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Funding Helps Educate on Fracking

Pictured: Judy Carbone, EMM Board Member, Russell Bounds, CSE Board Member, Mark Stutzman, EMM President, Eric Robison, EMM Legislative Chair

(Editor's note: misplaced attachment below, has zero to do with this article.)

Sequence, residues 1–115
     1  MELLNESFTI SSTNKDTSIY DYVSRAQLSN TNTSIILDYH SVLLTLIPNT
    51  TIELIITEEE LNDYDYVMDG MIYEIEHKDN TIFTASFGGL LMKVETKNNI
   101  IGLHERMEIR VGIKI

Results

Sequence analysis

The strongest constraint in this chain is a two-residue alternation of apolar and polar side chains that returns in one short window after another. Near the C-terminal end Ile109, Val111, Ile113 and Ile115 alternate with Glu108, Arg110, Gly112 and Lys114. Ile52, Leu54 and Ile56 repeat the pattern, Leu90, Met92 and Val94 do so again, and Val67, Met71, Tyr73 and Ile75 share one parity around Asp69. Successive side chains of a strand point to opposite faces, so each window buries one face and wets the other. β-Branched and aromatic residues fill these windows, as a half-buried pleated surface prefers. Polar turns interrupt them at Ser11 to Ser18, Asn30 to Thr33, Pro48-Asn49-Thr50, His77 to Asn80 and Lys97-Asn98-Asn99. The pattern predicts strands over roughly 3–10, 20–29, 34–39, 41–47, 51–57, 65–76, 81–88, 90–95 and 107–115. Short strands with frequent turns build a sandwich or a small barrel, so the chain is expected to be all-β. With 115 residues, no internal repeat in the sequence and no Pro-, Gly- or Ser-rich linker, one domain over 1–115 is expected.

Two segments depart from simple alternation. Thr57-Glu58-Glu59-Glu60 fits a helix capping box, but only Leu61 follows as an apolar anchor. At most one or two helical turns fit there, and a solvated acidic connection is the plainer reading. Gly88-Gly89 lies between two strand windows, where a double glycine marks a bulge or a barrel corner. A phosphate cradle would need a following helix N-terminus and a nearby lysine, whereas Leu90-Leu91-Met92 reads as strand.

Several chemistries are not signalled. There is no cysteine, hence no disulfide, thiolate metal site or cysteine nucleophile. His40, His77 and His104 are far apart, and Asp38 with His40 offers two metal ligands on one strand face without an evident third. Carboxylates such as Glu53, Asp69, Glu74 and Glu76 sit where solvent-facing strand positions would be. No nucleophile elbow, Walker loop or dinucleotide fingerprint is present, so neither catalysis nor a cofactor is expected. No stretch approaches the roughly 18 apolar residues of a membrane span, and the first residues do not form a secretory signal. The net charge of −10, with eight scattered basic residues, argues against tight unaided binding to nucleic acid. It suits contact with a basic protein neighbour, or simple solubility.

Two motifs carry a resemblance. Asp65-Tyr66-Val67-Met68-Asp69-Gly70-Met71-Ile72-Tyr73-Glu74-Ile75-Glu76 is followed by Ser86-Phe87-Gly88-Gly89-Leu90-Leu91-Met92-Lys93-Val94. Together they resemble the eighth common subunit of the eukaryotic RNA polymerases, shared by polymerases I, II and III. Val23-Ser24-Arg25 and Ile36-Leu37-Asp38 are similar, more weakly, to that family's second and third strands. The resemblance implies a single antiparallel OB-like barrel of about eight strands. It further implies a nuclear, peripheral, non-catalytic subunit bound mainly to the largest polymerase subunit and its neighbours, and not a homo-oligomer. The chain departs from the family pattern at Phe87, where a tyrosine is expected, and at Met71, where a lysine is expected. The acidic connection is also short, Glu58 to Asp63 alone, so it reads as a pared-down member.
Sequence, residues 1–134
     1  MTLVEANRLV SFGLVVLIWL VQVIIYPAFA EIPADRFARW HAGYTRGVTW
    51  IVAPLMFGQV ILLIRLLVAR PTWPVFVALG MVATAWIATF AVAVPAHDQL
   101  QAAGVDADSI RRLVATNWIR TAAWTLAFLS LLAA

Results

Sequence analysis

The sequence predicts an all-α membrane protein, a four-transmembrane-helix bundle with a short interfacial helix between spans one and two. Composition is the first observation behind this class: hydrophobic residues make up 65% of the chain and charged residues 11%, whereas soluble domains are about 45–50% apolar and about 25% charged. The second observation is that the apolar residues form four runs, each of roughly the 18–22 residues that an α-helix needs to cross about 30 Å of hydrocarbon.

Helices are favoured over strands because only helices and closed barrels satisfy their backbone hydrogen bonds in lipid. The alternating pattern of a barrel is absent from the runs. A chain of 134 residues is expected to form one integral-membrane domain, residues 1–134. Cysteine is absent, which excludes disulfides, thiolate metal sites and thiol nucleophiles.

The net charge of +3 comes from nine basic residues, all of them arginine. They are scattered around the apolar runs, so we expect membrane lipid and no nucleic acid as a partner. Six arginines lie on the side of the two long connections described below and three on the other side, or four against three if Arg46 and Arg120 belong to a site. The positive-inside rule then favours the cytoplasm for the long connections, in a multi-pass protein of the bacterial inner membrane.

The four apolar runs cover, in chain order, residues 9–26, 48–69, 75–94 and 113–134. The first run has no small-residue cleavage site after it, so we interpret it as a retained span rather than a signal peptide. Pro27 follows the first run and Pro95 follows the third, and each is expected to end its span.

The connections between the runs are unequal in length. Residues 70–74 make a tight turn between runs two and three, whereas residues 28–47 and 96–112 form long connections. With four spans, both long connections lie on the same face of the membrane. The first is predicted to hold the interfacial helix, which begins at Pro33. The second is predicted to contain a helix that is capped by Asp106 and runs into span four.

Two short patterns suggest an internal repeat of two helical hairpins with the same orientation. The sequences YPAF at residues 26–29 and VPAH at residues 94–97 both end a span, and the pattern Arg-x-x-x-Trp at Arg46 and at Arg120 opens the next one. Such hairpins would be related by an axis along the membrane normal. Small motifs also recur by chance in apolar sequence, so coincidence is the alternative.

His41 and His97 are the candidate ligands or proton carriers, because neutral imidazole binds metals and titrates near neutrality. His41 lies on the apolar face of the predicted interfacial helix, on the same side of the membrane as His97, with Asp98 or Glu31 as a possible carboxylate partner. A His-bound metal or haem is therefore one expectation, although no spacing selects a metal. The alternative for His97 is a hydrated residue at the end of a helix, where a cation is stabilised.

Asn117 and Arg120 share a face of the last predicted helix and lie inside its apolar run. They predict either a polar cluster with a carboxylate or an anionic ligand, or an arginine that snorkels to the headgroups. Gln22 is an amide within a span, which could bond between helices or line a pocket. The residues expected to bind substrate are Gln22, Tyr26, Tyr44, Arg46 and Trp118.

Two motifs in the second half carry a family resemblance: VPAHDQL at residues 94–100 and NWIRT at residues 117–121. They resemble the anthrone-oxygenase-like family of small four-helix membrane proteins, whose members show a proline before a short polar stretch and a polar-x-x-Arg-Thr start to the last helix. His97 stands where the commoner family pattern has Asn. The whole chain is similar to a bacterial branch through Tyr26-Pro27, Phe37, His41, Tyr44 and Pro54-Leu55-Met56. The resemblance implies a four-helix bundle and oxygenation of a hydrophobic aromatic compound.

Engage Mountain Maryland (EMM) recently accepted an $11,000 gift from the Center for Sustainable Education (CSE) to use for outreach efforts to educate Western Marylanders about fracking. Since 2012 CSE's mission is to provide educational resources and facilities for local businesses, educators, community members, and vacationing residents that cultivate economic, environmental, and social sustainability. CSE board members felt their mission aligned well with EMM and wanted to assist them in their educational efforts. Online information and printed literature from EMM encourages Western Marylanders to self-educate on fracking. The community organizing nonprofit, also sends out announcements for public meeting and special events to engage communities in the political process that determines their futures on this and other issues. “EMM has targeted education as a key component of our work. We want folks to draw their own conclusions about fracking,” says President, Mark Stutzman. “The more people know about fracking, the less they like it. Once well informed, citizens realize the risks associated with hydraulic fracturing and will act on that knowledge; accordingly.” EMM plans to use the newly acquired funds to step up their efforts to reach a broader audience. Discussion on specifics is still in the works, but the goal is to make concise information on fracking easily available to every household in Western Maryland. CSE Board Member, Russell Bounds is pleased to have been involved in making the generous donation. “We're honored to be able to further the cause, and support EMM in their dedication to protecting Maryland from fracking.” “This generous gift came as a surprise,” explains Eric Robison, Legislative Chair for EMM. With a fully volunteer organization and a working board, EMM has operated primarily with board member funding, private funds, and income from online merchandise sales. “This will really take some pressure off the board and allow us the freedom to do more.” With the two-year moratorium coming to a close in 2017, EMM acknowledges the fortuitous timing of this much-needed funding. Providing educational materials over the course of the next few months will prepare citizens for any decisions being made on fracking in the next General Assembly in Annapolis. Promises have been made for a fracking ban bill to be introduced in the next session. EMM sees county-wide support of such legislation with proper advanced education. “Representatives in Annapolis need to hear directly from citizens who oppose fracking,” says Dawn Beitzel, EMM Events Chair. “Many state senators think Garrett and Allegany County residents want fracking as a way to boost the economy. This simply isn’t true. The risks far outweigh the short-term financial benefits.” This sentiment indicates that education also needs to reach the General Assembly. EMM plans to provide the straight scoop to legislators, so they know how residents feel about natural gas development in the communities where the impacts will occur. Western Marylanders who want to stay abreast of the fracking issue, and the legislative process that begins in January are encouraged to become EMM members. Informative “One-Pagers” are available for free download on the EMM website’s “Quick Info” sub menu. Three-tiered membership levels allow anyone to become a member, regardless of their ability to financially contribute. You can learn more about EMM by visiting or join the conversation on Facebook and follow on Twitter @engage_mtn_md.

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